Let’s face it- the intersections of misogyny, oppression and Islamophobia make being a Muslim woman one of the hardest things to do. Given the ignorance that is already rife about the Muslim community and the said ignorance which is further exacerbated by the BS spewed by people like Donald Trump and Katie Hopkins, it becomes crucial to establish firmly a discourse that discusses as authentically as possible the challenges of being a Muslim.
One of the easiest ways to do this is through books. As a vociferous reader and an equally passionate feminist, I have recently started making a conscious attempt to start reading more and more literature written by women of colour, especially Muslim women living in conflict areas. In this listicle, therefore, I share with you eight books that paint a true picture of what it is like to be a Muslim woman.
1. My Feudal Lord by Tehmina Durrani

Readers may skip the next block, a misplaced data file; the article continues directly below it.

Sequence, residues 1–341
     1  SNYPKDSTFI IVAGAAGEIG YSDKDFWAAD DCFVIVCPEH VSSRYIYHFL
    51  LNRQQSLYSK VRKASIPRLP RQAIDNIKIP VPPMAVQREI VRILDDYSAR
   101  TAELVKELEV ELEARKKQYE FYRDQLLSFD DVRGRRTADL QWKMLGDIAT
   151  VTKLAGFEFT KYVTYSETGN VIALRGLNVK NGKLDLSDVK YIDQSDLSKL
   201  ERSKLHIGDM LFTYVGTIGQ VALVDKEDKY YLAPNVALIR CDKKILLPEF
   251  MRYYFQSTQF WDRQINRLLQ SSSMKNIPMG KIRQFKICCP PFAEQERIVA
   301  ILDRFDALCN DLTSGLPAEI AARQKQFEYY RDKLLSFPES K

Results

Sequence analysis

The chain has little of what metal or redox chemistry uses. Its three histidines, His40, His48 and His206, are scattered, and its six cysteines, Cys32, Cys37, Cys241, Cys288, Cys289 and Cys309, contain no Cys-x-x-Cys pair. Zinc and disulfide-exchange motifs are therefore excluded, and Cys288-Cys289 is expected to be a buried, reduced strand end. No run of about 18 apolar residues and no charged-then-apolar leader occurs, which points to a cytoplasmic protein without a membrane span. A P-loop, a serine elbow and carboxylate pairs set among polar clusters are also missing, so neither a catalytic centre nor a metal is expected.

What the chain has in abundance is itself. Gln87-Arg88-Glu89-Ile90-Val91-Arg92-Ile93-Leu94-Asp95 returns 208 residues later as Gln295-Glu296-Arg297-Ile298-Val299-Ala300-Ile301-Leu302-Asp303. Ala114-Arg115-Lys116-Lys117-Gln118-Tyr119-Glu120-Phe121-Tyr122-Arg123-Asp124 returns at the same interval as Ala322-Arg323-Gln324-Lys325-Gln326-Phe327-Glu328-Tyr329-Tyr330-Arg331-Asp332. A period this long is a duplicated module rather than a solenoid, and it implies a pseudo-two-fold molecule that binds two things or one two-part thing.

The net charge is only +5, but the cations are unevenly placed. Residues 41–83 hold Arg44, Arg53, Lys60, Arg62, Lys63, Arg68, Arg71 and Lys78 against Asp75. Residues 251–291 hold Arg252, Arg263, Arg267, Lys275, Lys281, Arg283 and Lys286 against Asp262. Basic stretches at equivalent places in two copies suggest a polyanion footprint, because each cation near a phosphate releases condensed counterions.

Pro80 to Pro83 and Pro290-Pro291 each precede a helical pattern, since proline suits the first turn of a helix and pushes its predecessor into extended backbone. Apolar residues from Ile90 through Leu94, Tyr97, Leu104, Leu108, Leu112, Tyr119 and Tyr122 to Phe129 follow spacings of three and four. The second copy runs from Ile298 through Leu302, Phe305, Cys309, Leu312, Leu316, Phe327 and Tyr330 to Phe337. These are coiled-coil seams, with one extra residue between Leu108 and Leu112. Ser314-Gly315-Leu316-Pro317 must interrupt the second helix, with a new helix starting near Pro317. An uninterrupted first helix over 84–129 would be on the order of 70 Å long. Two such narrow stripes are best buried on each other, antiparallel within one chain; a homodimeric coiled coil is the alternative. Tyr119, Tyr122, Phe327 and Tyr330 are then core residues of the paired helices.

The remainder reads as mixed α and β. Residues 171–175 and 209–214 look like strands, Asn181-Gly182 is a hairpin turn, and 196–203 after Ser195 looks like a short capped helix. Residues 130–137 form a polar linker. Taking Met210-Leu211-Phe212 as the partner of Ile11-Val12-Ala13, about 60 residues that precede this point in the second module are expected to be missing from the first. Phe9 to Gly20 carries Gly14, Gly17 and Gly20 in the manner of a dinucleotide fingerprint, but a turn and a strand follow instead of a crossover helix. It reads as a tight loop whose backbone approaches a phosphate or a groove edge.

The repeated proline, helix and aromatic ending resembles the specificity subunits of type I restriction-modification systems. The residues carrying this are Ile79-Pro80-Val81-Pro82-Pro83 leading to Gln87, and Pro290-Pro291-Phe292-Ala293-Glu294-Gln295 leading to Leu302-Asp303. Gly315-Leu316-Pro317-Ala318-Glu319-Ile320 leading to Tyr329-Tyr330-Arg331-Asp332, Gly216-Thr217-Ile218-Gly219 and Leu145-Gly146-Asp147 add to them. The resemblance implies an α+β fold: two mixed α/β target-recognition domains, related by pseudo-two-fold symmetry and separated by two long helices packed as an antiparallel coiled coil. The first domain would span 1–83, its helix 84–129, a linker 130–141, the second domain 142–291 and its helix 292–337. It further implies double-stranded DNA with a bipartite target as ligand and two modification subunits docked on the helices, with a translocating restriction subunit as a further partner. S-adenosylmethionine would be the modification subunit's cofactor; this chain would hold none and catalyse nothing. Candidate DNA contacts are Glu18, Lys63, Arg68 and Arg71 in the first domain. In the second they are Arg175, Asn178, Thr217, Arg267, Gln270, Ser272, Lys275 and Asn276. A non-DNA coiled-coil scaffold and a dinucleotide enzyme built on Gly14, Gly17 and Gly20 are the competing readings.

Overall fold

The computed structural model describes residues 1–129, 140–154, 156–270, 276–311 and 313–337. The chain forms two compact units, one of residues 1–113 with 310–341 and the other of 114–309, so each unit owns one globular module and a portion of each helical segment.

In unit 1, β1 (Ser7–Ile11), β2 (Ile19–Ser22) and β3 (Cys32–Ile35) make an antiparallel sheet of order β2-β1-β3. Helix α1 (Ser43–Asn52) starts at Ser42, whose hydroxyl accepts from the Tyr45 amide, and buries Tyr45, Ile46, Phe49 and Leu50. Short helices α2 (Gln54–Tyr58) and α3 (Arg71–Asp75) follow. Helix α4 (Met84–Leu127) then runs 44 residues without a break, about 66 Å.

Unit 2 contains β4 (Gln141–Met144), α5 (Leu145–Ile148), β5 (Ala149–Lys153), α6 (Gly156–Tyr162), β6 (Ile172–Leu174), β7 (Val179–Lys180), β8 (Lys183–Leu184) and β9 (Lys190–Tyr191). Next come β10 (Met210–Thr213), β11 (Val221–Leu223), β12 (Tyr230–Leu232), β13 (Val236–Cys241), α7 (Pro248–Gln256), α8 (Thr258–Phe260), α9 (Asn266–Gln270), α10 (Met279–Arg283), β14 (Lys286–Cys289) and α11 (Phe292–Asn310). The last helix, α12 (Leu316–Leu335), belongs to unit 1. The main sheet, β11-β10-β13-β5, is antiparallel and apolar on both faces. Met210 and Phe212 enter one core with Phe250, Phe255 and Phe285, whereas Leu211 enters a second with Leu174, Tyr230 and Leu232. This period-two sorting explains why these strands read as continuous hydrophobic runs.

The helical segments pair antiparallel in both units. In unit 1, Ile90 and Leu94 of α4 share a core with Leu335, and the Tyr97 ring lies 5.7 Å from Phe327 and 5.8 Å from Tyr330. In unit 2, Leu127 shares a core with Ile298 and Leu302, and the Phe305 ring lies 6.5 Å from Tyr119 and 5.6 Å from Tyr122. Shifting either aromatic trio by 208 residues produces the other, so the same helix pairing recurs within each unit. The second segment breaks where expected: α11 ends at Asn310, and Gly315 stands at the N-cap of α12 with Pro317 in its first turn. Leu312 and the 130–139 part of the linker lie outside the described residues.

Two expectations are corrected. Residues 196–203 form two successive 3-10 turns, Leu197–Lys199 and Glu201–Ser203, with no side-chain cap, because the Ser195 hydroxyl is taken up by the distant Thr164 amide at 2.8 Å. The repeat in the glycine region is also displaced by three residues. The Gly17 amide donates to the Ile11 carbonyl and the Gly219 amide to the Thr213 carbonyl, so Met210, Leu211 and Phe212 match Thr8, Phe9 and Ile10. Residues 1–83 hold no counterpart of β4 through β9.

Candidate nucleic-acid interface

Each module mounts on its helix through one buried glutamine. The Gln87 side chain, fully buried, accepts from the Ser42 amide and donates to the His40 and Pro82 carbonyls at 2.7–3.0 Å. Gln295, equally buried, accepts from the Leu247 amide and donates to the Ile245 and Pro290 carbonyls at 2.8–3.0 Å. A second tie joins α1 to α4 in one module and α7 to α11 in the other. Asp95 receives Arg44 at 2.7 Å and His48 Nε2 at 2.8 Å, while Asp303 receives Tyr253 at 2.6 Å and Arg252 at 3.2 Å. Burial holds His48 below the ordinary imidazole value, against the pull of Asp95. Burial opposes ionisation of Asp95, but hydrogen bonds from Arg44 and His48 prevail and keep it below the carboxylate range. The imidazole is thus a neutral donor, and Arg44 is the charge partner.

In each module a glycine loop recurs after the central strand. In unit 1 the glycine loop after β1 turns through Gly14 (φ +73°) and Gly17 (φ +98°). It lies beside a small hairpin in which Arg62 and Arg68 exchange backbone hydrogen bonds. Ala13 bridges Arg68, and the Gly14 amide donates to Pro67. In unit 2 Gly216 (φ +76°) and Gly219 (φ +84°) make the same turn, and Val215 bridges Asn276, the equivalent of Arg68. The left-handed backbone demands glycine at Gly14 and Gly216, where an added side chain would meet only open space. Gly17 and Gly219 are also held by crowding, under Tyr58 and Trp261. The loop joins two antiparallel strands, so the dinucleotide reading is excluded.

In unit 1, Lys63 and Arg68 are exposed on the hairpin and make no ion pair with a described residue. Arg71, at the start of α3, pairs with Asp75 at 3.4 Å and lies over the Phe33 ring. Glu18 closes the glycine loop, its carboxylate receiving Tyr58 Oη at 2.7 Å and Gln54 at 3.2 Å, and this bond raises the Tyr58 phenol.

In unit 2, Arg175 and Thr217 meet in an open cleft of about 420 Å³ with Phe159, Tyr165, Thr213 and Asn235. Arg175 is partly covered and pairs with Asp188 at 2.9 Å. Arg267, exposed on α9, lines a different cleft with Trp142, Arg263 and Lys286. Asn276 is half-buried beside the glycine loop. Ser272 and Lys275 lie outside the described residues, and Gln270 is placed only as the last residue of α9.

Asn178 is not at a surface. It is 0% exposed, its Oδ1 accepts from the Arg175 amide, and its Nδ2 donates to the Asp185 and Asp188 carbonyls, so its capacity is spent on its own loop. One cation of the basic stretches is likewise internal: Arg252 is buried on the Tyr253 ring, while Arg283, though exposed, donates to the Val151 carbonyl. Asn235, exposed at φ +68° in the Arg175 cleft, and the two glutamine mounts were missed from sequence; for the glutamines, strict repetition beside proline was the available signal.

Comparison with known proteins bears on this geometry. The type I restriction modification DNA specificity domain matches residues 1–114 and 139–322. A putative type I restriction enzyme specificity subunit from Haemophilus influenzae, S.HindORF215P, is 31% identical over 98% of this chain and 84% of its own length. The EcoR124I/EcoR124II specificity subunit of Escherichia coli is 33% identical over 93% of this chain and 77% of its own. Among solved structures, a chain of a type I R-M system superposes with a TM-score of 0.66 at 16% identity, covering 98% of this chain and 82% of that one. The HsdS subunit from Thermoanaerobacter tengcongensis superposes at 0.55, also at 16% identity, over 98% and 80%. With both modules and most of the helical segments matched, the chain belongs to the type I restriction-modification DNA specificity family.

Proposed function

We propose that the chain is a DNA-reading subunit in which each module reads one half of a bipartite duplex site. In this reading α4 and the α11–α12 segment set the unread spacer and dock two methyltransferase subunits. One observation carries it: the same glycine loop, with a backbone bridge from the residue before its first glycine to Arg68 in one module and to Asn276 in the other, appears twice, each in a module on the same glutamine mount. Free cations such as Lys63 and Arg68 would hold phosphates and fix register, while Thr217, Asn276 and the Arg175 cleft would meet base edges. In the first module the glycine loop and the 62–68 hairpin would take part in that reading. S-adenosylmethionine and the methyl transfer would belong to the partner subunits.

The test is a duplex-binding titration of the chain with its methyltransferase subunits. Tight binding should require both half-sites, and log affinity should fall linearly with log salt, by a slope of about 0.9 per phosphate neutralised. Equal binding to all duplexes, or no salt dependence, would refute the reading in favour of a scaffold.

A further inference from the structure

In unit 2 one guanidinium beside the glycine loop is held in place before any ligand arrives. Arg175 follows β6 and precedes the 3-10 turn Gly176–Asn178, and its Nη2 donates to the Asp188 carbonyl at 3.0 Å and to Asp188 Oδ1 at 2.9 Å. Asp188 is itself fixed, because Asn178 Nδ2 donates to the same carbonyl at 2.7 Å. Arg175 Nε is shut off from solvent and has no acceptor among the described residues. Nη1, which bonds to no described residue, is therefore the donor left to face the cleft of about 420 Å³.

I read this memoir of the wife of Pakistani politician Ghulam Mustafa Khar when I was in the eighth grade and remember being left shaken to the very core of my being. Durrani’s writing does not beat round the bush- in less than four hundred pages, she sketches a poignant tale of her abusive marriage to Khar, and the atrocities he committed to his wife and children. Durrani narrates how she was forced to have more children than she wanted to, and was regularly the victim of marital rape and abuse. Each word from Durrani’s pen reverberates with pain and melancholy, and the photos attached in the book of Durrani and Khar only serves to drive home the sorry state of women in Pakistan. The most telling aspect of the book, however, is how women like Durrani, despite being intelligent and well-educated and brought up in high society, still cannot escape the rampant shackles of abuse and mistreatment.